Top Stories

Desmond Mason Rumors

All NBA Players
Desmond Mason
Desmond Mason
Position: -
Born: 10/11/77
Height: 6-5 / 1.96
Weight:222 lbs. / 100.7 kg.
Earnings: $37,641,002 ($56,369,680*)
This is the latest in a monthly series in which industry leaders describe the projects and products that give them the most joy and pride. This month, former NBA player and visual artist Desmond Mason reflects on the process of creating “The Wall” in his Oklahoma studio. Desmond Mason: “I’ve always seen art as a way of expressing my feelings, a way to escape my situation, or a way to simply be creative. I’ve learned so much about myself through my creative processes and I’ve always tried to take that knowledge and apply it to my life or the lives of others. Each piece I do has a special place in my heart because it is directly attached to my emotions and my life’s journey. Some of the pieces I’ve created have had significance or importance due to my emotional state, some due to the style, efficiency or creative flow at that time, and some simply because I thought they were my best works. Art is completely subjective and that’s valid even for the artist that actually creates the art piece. Some pieces I’ve created I loved and others I hated or highly dislike, but all in all, I enjoyed the process of creating each one.”
Stern asked to buy one of his drawings featured in the magazine — a portrait of Al Pacino in “Carlito’s Way.” “Is he the consigliere of the Gambino family? What is going on?” Mason recalls thinking at the time. Stern paid $500 for the work, though Mason now admits he was so flattered, he would have given it to him for free. The unconventional exchange between commish and first-year player was just the tipoff for Mason’s not-so-average life off the court.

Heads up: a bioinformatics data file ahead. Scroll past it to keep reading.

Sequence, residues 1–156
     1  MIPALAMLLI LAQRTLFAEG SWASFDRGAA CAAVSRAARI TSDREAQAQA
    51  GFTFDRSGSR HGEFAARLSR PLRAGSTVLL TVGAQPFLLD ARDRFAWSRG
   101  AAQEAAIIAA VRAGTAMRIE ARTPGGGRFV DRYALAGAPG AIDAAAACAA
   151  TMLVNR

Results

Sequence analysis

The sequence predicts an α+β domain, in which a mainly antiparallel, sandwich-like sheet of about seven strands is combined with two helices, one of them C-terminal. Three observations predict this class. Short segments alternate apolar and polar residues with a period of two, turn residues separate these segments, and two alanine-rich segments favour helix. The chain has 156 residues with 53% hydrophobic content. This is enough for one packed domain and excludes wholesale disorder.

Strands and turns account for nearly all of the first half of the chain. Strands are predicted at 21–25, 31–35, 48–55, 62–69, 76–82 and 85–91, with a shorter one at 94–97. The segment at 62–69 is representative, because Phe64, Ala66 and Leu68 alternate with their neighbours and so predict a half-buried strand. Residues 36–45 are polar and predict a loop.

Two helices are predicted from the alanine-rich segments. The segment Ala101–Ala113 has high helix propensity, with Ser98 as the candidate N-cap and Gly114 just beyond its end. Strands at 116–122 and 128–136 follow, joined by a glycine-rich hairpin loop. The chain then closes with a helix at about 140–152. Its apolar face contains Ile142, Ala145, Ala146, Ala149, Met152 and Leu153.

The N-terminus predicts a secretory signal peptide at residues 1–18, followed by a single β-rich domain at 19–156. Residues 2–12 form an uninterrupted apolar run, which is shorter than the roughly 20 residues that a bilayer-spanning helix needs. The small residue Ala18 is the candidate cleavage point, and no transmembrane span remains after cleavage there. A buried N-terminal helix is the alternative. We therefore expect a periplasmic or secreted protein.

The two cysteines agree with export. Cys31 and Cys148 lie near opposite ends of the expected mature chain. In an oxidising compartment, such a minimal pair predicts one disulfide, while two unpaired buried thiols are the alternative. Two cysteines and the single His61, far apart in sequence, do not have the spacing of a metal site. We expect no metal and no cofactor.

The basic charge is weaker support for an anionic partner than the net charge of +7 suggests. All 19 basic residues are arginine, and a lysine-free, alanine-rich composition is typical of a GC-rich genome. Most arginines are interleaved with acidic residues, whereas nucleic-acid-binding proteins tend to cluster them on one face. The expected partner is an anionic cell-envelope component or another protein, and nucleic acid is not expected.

Mason has since shed his basketball persona for his true passion, being an artist. In his return, Mason filled Axis’ Pioneer Square gallery with abstract works on various mediums for a private exhibition benefiting the Big Brothers Big Sisters of Puget Sound. In the center of the 18-piece collection was a new piece specifically for the show titled “The Irony of Darks and Lights.” The abstract painting on wood panel looks as if peering through thick evergreens to view Lake Washington. “It has a very serene and soft feel,” Mason said. “I miss driving across the lake on the 520 and getting into downtown and seeing the Space Needle. Even though it was busy and a lot of traffic, for me, it had a serenity.”
After Mason’s debut, his next seven shows sold out, making his retirement from the NBA in 2009 a smooth transition. His family of four is based in Oklahoma City, and he holds an average of eight exhibitions annually that span the globe. Unlike his debut in 2004, returning to Seattle and seeing his work sell for $4,000 to $10,000 assures Mason he’s on the right path. “I understand what basketball gave me the opportunity to do,” he said. “It gave me a platform to display my art on a high level. But no one is going to buy a painting from Desmond Mason for $15,000 just because he played for the Seattle Sonics and Milwaukee Bucks. There’s a limit. Now, it’s not so much about me playing basketball. It’s more about they love what they’re looking at.”